If you saw Man of La Mancha at Wayside Theatre (and many people saw it twice), you saw this guy onstage, but you probably didn't notice him. He was seated in the corner of "Pitland," (our nickname for the upstage pocket under the top platform, where most of the music originated), usually playing the trumpet, when he wasn't playing the bass. Always, he wore the forlorn expression of a prisoner of the Inquisition. Unlike the other musicians in the piece, all of whom were also actors (I'll get to them in a minute), he was never brought down into the center of the action. Like a wallflower at the High School Dance, he hugged that corner until he almost disappeared. I was onstage a lot, and though he never left the stage, I only saw him twice. Once, when the entire company danced offstage in an orgy of gypsy gyrations, he was the one soul left, to slowly pick up the trumpet and begin a melancholy strain. Another time, I passed right by him as I made my dignified exit, after croaking out one of my big numbers (I wrote about fouling up that little ditty here, in case you missed it).
This shrinking violet secreted in the corner, way upstage left, was Steve Przybylski, and he was the star of the show.
Man of La Mancha is a star vehicle in the best sense of the term, and our Quixote, Tom Simpson, fulfilled every requirement of the role (I wrote a bit about sharing the stage with Tom here). Like the best star vehicles, La Mancha contains lots of swell supporting characters, and a dynamic leading lady role in Aldonza, the kitchen slut whom the mad knight adores. Nancy O'Bryan played our gal to the hilt and then some. Nancy possesses a beautiful voice, and she could easily have turned Aldonza into a lark or a nightingale, with clear and pristine tones. But she chose a more dangerous route, allowing the roughness of the character to inform her voice; the result was a raw, realistic performance. I was grateful that director Warner allowed Sancho Panza to remain part of the action during Aldonza's rant following her gang-rape (Sancho is usually in the background at that point), as I was able to see upclose how ravaged this woman had been.
Everyone else did strong work, too. Can you tell I'm proud of this cast? Wayside's Intern Company stepped up to the plate in this, their first show together, playing instruments, playing horses, and playing actual people, too. Jayson "I've never sung before" Belew had fine moments as Cervantes's nemesis, and teamed up with Cody "The Barber" Murphy to kick the show into gear as a couple of hoofing horses. Aviva "My blog is better than yours" Pressman was raunchy as a barmaid but prim and proper as the Housekeeper. Dave "The Padre" Sucharski pulled double and triple duty as one of the leading musicians, while Mike "I'm not an intern" Rosengarten seamlessly moved his classical guitar into the action many times. Warner augmented the company with some former interns, including Ricky Hesson, who flip-flopped from the stern Governor to the indecisive Innkeeper and back again, and Vaughn Irving (about whom I wrote here), who was privileged to wear the Best Hat in the show. And we had some more local talent joining the fun, including Sun King "yes, my parents were hippies" Davis, whose bones I jumped every night, and Gus "Bucket Boy" Glatzel, who was the closest anybody in the cast got to being Spanish (he's Argentinian by birth).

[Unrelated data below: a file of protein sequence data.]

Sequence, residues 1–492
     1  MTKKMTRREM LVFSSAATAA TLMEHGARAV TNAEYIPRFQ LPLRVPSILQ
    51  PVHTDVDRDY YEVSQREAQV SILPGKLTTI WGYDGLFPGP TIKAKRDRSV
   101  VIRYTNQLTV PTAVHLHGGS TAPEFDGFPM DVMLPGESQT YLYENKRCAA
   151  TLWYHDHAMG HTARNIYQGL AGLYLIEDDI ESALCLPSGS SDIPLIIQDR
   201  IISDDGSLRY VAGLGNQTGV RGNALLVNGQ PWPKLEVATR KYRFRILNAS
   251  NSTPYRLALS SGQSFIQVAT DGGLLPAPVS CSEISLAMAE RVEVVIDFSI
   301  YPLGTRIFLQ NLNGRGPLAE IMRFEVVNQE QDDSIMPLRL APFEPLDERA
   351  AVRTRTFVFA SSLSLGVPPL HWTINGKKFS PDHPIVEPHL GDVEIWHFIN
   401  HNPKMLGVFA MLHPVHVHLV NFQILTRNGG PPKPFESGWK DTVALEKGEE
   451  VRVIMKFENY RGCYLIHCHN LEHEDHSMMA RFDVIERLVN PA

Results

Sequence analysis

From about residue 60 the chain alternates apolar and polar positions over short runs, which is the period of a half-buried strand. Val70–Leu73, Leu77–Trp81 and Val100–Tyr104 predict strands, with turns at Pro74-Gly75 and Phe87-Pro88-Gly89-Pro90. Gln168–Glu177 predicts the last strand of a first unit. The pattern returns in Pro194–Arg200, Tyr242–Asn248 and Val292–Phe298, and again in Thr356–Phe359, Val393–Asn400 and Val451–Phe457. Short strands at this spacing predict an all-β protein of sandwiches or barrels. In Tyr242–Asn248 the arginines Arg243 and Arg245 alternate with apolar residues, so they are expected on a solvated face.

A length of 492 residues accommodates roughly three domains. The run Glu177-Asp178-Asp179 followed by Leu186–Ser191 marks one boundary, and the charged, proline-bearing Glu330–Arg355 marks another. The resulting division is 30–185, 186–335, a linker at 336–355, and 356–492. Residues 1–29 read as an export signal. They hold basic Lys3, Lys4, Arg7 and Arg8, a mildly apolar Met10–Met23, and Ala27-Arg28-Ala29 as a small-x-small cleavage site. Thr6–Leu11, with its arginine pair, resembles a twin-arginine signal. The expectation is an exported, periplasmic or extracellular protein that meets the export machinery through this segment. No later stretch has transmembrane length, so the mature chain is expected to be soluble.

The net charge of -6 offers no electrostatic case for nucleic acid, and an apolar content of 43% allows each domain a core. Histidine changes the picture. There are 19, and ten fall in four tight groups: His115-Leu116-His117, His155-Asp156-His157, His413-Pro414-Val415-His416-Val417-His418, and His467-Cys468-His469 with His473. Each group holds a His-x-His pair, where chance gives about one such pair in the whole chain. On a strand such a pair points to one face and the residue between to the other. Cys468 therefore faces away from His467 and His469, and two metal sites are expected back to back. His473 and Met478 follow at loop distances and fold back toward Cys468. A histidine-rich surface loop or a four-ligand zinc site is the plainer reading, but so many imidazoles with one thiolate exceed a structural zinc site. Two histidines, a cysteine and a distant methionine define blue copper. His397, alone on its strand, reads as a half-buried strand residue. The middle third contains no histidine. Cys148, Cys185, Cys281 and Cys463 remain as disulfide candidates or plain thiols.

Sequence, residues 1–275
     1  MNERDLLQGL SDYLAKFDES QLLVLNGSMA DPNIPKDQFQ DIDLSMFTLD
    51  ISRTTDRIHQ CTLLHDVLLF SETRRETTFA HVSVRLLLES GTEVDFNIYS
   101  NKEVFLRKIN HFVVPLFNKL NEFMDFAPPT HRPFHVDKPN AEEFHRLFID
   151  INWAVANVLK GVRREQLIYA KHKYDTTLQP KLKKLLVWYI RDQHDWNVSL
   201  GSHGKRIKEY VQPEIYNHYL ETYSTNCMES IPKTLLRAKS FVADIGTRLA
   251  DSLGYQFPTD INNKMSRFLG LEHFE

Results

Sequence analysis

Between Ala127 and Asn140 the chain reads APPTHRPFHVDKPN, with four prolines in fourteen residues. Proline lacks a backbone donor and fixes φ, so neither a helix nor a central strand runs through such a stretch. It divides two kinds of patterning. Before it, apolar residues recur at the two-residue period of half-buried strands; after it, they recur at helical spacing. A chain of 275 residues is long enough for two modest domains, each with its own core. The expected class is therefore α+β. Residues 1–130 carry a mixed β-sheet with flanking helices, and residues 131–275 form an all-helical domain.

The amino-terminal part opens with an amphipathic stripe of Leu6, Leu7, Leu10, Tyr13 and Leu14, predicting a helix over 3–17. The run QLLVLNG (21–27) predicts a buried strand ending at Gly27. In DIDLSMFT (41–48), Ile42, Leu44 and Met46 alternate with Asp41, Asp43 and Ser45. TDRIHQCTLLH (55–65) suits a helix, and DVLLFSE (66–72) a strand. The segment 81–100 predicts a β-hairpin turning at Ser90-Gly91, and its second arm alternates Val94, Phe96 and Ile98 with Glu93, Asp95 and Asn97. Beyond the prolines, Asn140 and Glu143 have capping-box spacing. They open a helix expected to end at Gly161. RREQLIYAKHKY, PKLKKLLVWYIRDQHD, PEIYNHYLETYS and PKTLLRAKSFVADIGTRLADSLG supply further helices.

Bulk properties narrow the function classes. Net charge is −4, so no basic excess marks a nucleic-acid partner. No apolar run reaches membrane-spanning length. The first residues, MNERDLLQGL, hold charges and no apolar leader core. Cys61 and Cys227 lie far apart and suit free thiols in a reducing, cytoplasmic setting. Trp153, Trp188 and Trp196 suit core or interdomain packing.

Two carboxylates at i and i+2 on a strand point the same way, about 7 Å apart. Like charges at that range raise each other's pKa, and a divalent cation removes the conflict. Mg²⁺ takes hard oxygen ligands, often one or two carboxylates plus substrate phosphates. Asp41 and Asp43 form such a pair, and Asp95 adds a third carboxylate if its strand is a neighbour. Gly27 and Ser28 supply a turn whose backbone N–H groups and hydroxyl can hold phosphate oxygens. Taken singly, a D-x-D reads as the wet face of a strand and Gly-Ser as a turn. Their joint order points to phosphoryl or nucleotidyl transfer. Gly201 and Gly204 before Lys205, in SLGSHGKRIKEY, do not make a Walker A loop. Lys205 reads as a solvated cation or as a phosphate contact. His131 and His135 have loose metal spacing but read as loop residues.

The spectacular Thomasin Savaiano played both Quixote's niece and the Innkeeper's wife, and turned that gypsy dance into a comic highlight. But my favorite moment of hers came near the end of the play, when, as one of the nameless prisoners awaiting her turn in front of the Spanish Inquisition, she spat, "they'll put the question to him." I stood only a foot or two from her when she delivered that line, and in that moment, I swear I could see in this pitiful creature's eyes her entire existence. That's a fine actress (Thomasin played my wife in Wayside's Black Coffee several years ago; she wiped the stage with me):So, anchored by Tom's dynamic turn as the title character, we had some strong performances. But I still maintain that that unnoticed guy sitting in the corner was the star of the show. From our audience's feedback, we heard, over and over, that the music in the show stood out. It was rustic, it was true to the period, it sounded "right." Steve was our musical director (I wrote about his skills in rehearsal here), and he re-orchestrated this huge musical into a chamber piece, using instruments which evoked the time and place. He was constantly adjusting and re-imagining the piece; when it became apparent, very late in the process, that a flute was essential, he volunteered himself to play it (along with the thousands of other instruments he was also handling). Wisely, Warner knew a bad idea when he heard it, and enlisted young Molly Knudsen to join our band (Molly is a teen actress who had not appeared in a Wayside mainstage production, and her playing of the flute added a haunting quality to "Dulcinea," in particular). Steve was greatly aided by Til Turner's scenic design; the set resembled a tiny Hollywood Bowl after Armageddon had hit, and the acoustics funneled the music straight out into the audience. Warner and Steve looked for any and all opportunities to suck the musicians into the action, and succeeded in making the music part of the organic whole.
Steve is also an actor, but it was a contractual glitch which prevented Warner from making use of his thespianic skills. Instead, he sat upstage left, removed from the action, playing his instruments and occasionally (and very subtly) conducting the music. But anytime you looked at him, he had the despondent, woeful look of a prisoner of the Inquisition.
I think all of us are proud of our work on Man of La Mancha. I hope Steve is proudest of all. He should be. His work, in a word, was stellar.